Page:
A Navy intelligence official and a California hot-rod mechanic were found guilty Wednesday on federal conspiracy charges stemming from a mysterious scheme to manufacture hundreds of AK-47 rifle silencers for a secret military project.
Lee M. Hall, a civilian Navy intelligence official at the Pentagon, and Mark S. Landersman, the mechanic, were convicted of conspiring to build 349 untraceable silencers — without a firearms license — and shipping them across state lines for a sensitive mission that was never fully explained in court.
U.S. District Judge Leonie M. Brinkema, who delivered the verdicts after bench trials in Alexandria, said she was unconvinced by defense attorneys’ assertions that the silencers were needed for a clandestine purpose and were necessarily obtained outside of normal channels.
“I do not accept the argument that because this might have been covert, that somehow that excuses the participants from playing by the rules,” she said.
Prosecutors had argued that the silencer contract was a $1.6 million sweetheart deal intended to enrich Landersman, a struggling auto mechanic and machinist from Temecula, Calif.
His brother, David W. Landersman, served as Hall’s boss at the Pentagon as the senior director for intelligence in an obscure Navy office. Prosecutors have accused David Landersman of masterminding the contract to help his brother, who had been mired in bankruptcy. He has been labeled an unindicted co-conspirator in the case but has not been charged.
According to trial testimony, Hall and the Landersman brothers went to unusual lengths to conceal the silencer purchase from other Navy officials and contracting representatives. Three Navy officials said they had approved David Landersman’s request to spend the money on intelligence studies, not a weapons deal.
Hall later told another Navy official that the silencers were intended for Navy SEAL Team 6, the elite commando squad that killed Osama bin Laden. But representatives for SEAL Team 6 told agents from the Naval Criminal Investigative Service that they had not ordered the silencers and didn’t know anything about them.
Although the purpose of the silencers was never established, the trial featured a constant undercurrent of intrigue with carefully couched references to classified projects and black operations. Many filings in the case were placed under seal. At the request of military officials, participants at the trial were prohibited from making overt references to the Navy SEALs .
Prosecutors portrayed Mark Landersman as a financially struggling auto mechanic without a federal firearms license who went on a spending binge as soon as he landed the silencer contract, buying fancy cars and investing $100,000 in a microbrewery.
Assistant U.S. Attorney Patricia Haynes said all the talk about classified projects and Navy commandos was “nothing more than a fantasy” concocted to cover up a simple case of fraud.
But defense attorneys cited evidence that Mark Landersman had worked for years to invent new silencer designs for military rifles and had received encouragement from Navy officials who work closely with the SEALs.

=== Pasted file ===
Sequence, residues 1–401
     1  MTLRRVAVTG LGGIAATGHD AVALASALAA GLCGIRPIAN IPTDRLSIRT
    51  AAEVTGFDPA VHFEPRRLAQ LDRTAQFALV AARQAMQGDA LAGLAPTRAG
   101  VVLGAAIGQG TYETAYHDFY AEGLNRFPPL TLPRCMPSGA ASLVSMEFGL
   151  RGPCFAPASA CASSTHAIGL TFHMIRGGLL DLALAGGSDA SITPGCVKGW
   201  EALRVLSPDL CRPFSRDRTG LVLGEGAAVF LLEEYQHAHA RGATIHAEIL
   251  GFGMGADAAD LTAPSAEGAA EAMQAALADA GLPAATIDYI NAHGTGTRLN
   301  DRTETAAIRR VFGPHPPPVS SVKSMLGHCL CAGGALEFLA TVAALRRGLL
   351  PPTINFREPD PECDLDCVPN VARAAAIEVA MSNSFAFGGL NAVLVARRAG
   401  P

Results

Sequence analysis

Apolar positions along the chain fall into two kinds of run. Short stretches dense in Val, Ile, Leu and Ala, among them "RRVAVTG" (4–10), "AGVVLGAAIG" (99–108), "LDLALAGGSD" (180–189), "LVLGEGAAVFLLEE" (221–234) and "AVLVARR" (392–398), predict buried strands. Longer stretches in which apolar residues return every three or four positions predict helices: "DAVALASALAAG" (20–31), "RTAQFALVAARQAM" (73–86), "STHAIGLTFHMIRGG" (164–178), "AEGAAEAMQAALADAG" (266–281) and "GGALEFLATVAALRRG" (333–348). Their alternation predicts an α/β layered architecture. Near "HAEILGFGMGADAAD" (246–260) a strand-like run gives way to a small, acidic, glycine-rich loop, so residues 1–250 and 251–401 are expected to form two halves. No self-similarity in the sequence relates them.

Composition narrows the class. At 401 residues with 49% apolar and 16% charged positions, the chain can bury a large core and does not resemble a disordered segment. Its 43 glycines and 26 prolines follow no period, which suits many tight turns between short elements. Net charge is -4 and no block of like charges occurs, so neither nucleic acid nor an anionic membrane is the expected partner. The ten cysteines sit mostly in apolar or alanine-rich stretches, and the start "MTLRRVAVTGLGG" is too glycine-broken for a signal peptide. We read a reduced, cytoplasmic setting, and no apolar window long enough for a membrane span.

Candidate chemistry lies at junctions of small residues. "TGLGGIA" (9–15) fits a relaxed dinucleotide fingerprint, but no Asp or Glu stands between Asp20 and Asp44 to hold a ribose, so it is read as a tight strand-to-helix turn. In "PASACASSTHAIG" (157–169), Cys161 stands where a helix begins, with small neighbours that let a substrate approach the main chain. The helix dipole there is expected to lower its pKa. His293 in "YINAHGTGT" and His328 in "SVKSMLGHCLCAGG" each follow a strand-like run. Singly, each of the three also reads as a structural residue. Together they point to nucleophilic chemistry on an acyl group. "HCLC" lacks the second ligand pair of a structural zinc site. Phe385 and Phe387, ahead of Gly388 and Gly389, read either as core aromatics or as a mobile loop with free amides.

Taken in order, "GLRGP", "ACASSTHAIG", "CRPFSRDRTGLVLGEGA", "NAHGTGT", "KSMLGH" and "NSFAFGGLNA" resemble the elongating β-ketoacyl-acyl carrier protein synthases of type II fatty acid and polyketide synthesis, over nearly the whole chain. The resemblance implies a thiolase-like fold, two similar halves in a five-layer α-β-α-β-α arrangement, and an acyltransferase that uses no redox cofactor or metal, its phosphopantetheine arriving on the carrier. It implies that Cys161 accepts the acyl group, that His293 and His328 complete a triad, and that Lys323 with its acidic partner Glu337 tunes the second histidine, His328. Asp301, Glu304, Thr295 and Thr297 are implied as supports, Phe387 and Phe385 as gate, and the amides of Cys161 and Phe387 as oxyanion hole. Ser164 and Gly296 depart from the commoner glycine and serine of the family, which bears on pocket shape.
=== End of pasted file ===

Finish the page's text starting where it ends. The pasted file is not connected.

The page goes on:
Rodney F. Lowell, the weapons accessory manager for the Naval Special Warfare Command, testified that he met with Mark Landersman in 2010 and 2011 to review a silencer prototype for sniper rifles used by the SEALs. Lowell said he thought the prototype was promising but that the Navy didn’t have the money at the time to pay for initial testing.
If funds had been available, Lowell said, “I definitely would have written a check.”
John Zwerling, a defense attorney for Mark Landersman, said he was “very disappointed” by the verdict. During his closing argument, Zwerling said even his client wasn’t told what the silencers would be used for.
“He didn’t know specifically what it was for or where it was going,” Zwerling said. “It was clearly something for black ops.”
Stuart Sears, an attorney for Hall, declined to comment. Both defendants are free on bond until their sentencing hearing Jan. 30. Hall faces up to 15 years in prison and Mark Landersman as much as five years.
Adding to the mystery of the case was the fact that the silencers were designed to fit Russian-made AK-47 automatic rifles, not standard-issue U.S. military weapons.
Prosecutors and a weapons tester for the Navy described the silencers as shoddily made, poorly designed and of limited use. According to testimony, the silencers only cost $10,000 in parts and labor to manufacture but were sold to the government for more than $1.6 million.
Defense attorneys said the price was reasonable because Mark Landersman had spent years working on the design. They also hinted that the silencers’ poor performance was exactly why the Navy ordered them — suggesting obliquely that they were destined to end up in the hands of foreign guerrillas who may or may not have been friends of the United States.
Sorting out the truth of the case has been made even more challenging because of the destruction of potential evidence.
Navy security officers testified that they incinerated documents last year that had been seized from the offices of Hall and David Landersman — three days after The Washington Post published a front-page article about the unfolding investigation. Defense attorneys also accused the Navy of destroying a secret stash of automatic weapons that the silencers were designed to fit.
The Navy has placed Hall in a “non-pay status” as it weighs “the appropriate personnel action to be taken” as a result of his conviction, said Cmdr. Ryan Perry, a Navy spokesman. Perry said the Navy was pleased that the NCIS had “uncovered this criminal activity and investigated it to the fullest,” adding that the Navy “will make any necessary improvements to ensure this type of activity will not recur.”